He said he recalled having lawmakers come to meetings that he looked at and thought “this is not a Purple Caucus person.”
“There were people who were not active but really wanted to talk about big things and that was a space where people wanted to be thoughtful about big solutions,” Reinert said.
In its second and third years, it would release legislative agendas, just like the major party caucuses, though all members also retained their membership with those more traditional caucuses.
One bill that gathered attention would have changed the state’s party primary elections to open primaries, with the top two vote-getters moving to the general election regardless of party. That system, used in states like Washington and California, can sometimes result in two finalists from the same party.
“Now, as just a citizen who is passionate about civics and small-d democracy, I’m very concerned about the drive to the edges of the political spectrum,” he said. “I spend a lot of time thinking about what it is that can counter that trend.”
One of those ideas was the primary election law change, with the idea that it could attract and elect more moderate lawmakers. But the states that have adopted open primaries did so via voter initiative, not through a Legislature elected using a closed primary system, and the open primary bills ended up going nowhere.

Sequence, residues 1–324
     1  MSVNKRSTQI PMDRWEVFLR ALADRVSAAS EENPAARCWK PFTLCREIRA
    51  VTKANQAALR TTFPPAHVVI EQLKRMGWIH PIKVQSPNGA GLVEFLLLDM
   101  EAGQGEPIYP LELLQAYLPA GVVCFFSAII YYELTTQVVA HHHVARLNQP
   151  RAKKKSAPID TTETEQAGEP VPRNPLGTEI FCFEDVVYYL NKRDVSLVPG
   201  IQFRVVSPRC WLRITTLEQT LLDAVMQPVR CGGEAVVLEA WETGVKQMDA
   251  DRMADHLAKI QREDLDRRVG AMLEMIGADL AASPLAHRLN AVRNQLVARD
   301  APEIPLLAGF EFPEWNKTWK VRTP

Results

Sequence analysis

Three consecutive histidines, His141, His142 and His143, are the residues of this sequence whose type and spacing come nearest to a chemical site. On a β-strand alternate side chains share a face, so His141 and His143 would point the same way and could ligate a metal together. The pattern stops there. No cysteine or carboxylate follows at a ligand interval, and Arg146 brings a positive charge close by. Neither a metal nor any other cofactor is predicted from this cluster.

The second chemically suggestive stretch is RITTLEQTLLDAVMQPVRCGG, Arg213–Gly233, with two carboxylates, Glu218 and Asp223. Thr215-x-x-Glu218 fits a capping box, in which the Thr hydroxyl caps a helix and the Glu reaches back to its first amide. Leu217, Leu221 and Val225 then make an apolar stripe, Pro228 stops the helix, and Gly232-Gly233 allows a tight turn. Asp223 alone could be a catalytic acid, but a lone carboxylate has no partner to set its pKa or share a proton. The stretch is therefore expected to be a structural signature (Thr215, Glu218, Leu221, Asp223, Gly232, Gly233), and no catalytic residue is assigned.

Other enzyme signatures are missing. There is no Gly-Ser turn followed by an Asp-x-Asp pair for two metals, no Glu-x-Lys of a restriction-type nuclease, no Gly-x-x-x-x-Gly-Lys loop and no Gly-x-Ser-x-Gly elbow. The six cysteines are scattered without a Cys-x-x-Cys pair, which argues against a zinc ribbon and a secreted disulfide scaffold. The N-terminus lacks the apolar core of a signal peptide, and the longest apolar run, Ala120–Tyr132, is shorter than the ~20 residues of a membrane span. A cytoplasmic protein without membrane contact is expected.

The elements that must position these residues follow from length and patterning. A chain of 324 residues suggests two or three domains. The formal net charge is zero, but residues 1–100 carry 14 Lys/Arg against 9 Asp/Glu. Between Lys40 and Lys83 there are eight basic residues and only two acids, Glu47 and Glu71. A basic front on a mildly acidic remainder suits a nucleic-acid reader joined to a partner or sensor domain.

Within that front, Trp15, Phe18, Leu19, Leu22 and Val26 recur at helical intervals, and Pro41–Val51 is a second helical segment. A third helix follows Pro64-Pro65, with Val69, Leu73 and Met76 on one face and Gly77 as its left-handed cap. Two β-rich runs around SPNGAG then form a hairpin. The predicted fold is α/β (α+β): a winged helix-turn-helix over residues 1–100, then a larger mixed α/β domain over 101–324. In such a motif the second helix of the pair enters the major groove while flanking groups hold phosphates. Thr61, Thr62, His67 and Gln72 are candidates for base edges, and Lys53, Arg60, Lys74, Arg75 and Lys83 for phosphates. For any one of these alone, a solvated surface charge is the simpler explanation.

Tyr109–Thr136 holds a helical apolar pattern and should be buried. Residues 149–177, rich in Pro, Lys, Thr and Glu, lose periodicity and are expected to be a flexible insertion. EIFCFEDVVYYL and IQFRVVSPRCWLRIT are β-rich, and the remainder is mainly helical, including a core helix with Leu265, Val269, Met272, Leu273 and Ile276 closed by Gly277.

Reinert said he was unable to find a DFLer to take his place as co-chair of the Purple Caucus and the group seemed to fade away after he left the Legislature in 2017. In recent sessions, neither the House nor the Senate passes legislation from the center — or by putting together coalitions of Republicans and DFLers. While many bills pass with near unanimity, controversial issues usually revert to party-line or near-party-line votes.
Part of the message of the Purple Caucus has been taken up by a bipartisan Civility Caucus. But that group focuses on building relationships across party lines rather than on reaching agreement on issues or bills.
Miller and López Franzen’s comments were more about disagreeing agreeably than on reaching consensus on big issues. “There are disagreements on issues,” Miller said. “That’s the way democracy works. But I feel we can work through those disagreements in a respectful manner. And that’s what I expect to accomplish as the next Senate majority leader.”
López Franzen said she called Miller shortly after her selection. “We both have done many programs outside the Legislature that are really geared towards working collaboratively, regardless of our parties and our labels,” she said. “I think we’ll have a good working relationship. It’s a matter of whether his caucus is able to stand with him.”
Reinert said he was gratified to hear both López Franzen and Miller mentioned their membership in the Purple Caucus when they first met the press after the selections. “I heard both of them comment and frankly it was heartwarming. It was good to know that this thing that had died and gone away still had some legacy. It makes me excited because I know the quality of people they are.
“When it went away, I was a bit sad,” he said. “But now I see that it has an impact.”